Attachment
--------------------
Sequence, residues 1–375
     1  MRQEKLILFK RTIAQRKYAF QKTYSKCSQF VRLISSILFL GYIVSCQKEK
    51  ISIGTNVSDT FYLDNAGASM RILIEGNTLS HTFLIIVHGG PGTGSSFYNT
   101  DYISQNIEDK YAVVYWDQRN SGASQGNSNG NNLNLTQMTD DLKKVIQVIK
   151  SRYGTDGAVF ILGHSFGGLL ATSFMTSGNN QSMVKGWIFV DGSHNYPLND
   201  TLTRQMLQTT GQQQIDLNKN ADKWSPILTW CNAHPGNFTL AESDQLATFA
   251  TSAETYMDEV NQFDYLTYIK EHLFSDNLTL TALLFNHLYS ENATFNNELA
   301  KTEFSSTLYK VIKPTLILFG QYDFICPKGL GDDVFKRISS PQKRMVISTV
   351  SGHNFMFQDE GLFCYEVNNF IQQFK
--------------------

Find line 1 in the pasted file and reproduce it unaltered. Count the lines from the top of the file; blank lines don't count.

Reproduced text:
Sequence, residues 1–375